Current PC builds in today’s market are typically powered by an ATX12V power supply unit (PSU) along with a 24-pin connector attached to it. For Intel, the semiconductor company is looking to change that with the introduction of its new ATX120VO-spec PSU.
On paper, the ATX120VO shifts all of the usual voltage rails like the +3.3V, +5V, and -12V away from the PSU and directly on to the motherboard. In addition to doing this, it also enables Intel to switch from a 24-pin power connector to a smaller and more efficient 10-pin power connector.
At this point, you’re probably wondering what this means for the future of motherboards and DIY PC building enthusiasts. And to that we say, stay calm. Firstly, Intel has no plans on disrupting the current PSU market with its ATX12VO model. As explained by PCWorld’s Gordon Mah Ung, the 10-pin PSU model will only be appearing in some pre-built OEM PCs and system integrators.
As to why Intel decided to move some of its voltage rails from the PSU to the motherboard, it all boils down, once again, to efficiency. Over time, PSUs have evolved in the way it consumes power; a 600W PSU made back in 2006 would have dedicated 25% of its power to 3.3V and 5V rails. while a PSU with the same wattage today pushes far less through the same voltage rails.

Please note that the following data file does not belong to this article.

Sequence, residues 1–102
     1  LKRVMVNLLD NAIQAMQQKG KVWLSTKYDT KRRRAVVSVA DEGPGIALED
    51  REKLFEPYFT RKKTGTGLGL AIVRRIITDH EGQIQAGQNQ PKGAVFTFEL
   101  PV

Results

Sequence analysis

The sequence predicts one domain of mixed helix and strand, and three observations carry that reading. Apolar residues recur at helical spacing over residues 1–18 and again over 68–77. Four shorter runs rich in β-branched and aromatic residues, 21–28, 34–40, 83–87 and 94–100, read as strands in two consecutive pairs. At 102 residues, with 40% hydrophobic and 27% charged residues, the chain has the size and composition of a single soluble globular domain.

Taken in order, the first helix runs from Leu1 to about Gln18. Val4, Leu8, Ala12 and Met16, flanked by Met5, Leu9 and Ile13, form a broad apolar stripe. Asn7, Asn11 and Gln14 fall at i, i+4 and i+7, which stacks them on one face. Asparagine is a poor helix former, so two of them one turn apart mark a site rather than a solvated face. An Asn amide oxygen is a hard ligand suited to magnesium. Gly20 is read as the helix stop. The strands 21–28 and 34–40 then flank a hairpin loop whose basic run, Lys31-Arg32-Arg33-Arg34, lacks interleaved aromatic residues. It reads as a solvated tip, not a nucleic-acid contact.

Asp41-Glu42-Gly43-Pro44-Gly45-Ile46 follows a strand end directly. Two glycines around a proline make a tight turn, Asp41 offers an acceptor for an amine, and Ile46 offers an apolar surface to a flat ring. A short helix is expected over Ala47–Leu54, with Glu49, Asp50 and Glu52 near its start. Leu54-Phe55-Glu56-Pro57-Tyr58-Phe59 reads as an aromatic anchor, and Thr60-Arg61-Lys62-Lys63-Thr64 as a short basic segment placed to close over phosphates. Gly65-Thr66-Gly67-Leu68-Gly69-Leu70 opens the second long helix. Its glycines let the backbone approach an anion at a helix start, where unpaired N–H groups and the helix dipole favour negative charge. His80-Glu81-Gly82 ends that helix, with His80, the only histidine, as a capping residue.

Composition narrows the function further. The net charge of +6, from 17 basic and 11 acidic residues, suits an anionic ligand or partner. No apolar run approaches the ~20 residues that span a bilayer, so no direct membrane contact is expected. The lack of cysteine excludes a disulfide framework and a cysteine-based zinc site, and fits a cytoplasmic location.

Another reason why Intel probably doesn’t have any plans on interrupting the current market is also due to the burdens caused by shifting the 3V and 5V rails on to the motherboard. As innovative as it is, it does increase the burden on the components; this means a larger PCB, and increase in PCB layers, and understandably, an increase in cost.
For now, DIY PC builders can breathe a sigh of relief, knowing that the ATX12VO format won’t be forcing them to replace their current rig and components anytime soon.
(Source: PC World // Image: How To Geek)